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SQL : MINUS Operator

Tutorial by:      Date: 2016-04-14 23:34:56

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This SQL tutorial explains how to use the SQL MINUS operator with syntax and examples.


The SQL MINUS operator is used to return all rows in the first SELECT statement that are not returned by the second SELECT statement. Each SELECT statement will define a dataset. The MINUS operator will retrieve all records from the first dataset and then remove from the results all records from the second dataset.

Minus Query


Explanation: The MINUS query will return the records in the blue shaded area. These are the records that exist in Dataset1 and not in Dataset2.

Each SELECT statement within the MINUS query must have the same number of fields in the result sets with similar data types.

TIP: The MINUS operator is not supported in all SQL databases. It can used in databases such as Oracle.

For databases such as SQL Server, PostgreSQL, and SQLite, use the EXCEPT operator to perform this type of query.


The syntax for the SQL MINUS operator is:

SELECT expression1, expression2, ... expression_n

FROM tables

[WHERE conditions]


SELECT expression1, expression2, ... expression_n

FROM tables

[WHERE conditions];

Parameters or Arguments

expression1, expression2, expression_n

The columns or calculations that you wish to retrieve.


The tables that you wish to retrieve records from. There must be at least one table listed in the FROM clause.

WHERE conditions

Optional. These are conditions that must be met for the records to be selected.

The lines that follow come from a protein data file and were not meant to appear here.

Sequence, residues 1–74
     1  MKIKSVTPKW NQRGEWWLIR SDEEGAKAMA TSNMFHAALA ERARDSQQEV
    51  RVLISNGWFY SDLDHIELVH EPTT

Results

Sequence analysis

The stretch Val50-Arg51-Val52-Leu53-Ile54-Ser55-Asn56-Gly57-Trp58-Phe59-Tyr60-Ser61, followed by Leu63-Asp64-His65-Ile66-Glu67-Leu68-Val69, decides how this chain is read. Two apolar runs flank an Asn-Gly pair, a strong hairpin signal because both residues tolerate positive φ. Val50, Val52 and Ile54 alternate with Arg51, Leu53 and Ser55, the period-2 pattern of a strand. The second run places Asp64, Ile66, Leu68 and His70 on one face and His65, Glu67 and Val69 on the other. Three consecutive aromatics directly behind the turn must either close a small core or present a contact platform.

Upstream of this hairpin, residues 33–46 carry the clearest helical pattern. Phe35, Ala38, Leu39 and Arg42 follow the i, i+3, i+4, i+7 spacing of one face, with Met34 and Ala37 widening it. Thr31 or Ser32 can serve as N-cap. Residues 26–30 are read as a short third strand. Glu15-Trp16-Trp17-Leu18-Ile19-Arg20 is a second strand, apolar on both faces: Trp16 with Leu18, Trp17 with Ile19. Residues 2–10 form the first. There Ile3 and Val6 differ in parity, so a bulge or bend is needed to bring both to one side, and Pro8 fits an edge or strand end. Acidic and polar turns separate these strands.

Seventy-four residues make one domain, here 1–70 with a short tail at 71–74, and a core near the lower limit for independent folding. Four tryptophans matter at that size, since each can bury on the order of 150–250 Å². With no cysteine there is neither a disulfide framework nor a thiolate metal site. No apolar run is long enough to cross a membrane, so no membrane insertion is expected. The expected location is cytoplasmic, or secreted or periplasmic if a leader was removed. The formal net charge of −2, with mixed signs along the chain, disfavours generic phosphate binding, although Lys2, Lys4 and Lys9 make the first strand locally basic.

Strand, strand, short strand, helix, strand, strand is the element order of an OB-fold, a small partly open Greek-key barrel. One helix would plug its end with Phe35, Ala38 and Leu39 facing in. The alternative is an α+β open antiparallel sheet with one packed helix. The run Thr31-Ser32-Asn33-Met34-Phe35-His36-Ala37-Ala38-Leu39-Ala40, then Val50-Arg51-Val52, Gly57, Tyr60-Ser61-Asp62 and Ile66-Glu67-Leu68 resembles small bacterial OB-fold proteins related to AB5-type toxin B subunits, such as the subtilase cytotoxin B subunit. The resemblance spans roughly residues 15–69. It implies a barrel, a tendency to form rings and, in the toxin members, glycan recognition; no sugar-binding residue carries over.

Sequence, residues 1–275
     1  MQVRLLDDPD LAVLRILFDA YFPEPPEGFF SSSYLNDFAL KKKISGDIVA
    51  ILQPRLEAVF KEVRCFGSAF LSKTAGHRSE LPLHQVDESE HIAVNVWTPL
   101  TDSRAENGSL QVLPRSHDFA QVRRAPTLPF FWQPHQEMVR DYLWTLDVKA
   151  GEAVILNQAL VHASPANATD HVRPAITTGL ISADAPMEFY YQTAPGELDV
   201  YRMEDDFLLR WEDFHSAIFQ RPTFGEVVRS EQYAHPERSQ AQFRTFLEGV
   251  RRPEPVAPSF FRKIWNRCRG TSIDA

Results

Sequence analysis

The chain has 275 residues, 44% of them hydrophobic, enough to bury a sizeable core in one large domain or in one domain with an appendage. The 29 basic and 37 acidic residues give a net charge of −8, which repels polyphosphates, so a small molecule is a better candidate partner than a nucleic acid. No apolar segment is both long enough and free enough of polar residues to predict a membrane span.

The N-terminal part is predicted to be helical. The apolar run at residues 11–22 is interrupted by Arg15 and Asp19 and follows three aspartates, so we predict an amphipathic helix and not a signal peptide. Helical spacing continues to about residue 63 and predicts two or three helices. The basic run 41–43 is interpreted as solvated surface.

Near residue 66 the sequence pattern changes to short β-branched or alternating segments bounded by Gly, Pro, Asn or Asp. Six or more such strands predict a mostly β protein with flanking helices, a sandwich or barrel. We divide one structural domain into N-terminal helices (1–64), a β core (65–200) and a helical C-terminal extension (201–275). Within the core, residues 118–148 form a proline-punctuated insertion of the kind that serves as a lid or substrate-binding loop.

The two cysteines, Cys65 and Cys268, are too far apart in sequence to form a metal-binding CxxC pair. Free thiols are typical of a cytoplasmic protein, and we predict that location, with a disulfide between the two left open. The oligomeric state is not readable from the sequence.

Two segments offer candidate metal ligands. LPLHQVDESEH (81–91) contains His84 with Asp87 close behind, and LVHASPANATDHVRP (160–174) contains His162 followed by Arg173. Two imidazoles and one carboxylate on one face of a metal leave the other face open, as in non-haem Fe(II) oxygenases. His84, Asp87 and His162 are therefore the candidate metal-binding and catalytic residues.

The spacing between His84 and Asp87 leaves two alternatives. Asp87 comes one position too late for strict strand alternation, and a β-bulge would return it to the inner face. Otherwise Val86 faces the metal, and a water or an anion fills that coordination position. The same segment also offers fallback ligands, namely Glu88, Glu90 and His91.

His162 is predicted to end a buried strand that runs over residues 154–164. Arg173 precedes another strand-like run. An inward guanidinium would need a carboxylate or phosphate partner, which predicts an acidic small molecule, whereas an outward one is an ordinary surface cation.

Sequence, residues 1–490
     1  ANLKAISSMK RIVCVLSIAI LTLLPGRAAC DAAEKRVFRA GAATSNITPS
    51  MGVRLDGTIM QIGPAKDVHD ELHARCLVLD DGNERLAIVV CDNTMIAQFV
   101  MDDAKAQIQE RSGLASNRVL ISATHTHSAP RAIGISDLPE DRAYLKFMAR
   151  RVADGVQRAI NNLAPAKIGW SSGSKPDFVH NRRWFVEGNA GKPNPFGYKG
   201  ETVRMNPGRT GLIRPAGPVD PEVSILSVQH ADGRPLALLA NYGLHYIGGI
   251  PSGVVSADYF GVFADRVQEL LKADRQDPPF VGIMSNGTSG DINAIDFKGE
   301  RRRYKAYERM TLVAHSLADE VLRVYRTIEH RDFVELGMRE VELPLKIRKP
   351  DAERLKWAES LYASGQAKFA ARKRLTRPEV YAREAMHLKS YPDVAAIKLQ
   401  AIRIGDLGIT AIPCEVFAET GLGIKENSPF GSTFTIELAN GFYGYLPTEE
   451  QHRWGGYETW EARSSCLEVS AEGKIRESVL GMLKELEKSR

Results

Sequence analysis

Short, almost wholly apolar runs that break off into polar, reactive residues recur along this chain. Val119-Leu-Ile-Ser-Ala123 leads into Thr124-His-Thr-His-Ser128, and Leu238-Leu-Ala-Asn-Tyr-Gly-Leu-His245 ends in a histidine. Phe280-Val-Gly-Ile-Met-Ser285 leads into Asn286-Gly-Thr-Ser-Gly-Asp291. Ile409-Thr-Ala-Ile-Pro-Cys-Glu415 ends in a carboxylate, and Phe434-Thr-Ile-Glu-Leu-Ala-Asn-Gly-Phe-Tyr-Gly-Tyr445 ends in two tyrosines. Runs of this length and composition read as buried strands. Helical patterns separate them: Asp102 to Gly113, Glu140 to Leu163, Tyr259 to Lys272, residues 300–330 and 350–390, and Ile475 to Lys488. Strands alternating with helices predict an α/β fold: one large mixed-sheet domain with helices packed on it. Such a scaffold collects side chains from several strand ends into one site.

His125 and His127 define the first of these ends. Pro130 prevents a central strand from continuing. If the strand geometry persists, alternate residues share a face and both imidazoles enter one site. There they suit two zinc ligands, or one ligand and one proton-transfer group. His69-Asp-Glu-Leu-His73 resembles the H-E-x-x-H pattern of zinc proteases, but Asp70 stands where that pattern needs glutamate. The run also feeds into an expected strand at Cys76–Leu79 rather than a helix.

• There must be same number of expressions in both SELECT statements.
  • The corresponding expressions must have the same data type in the SELECT statements. For example: expression1 must be the same data type in both the first and second SELECT statement.

Example - With Single Expression

The following is a SQL MINUS operator example that has one field with the same data type:

SELECT supplier_id

FROM suppliers


SELECT supplier_id

FROM orders;

This SQL MINUS example returns all supplier_id values that are in the suppliers table and not in the orders table. What this means is that if a supplier_id value existed in the suppliers table and also existed in the orders table, the supplier_id value would not appear in this result set.

Example - Using ORDER BY Clause

The following is a MINUS operator example that uses the ORDER BY clause:

SELECT supplier_id, supplier_name

FROM suppliers

WHERE supplier_id > 2000


SELECT company_id, company_name

FROM companies

WHERE company_id > 1000


In this SQL MINUS operator example, since the column names are different between the two SELECT statements, it is more advantageous to reference the columns in the ORDER BY clause by their position in the result set. In this example, we've sorted the results by supplier_name / company_name in ascending order, as denoted by the ORDER BY 2.

The supplier_name / company_name fields are in position #2 in the result set.


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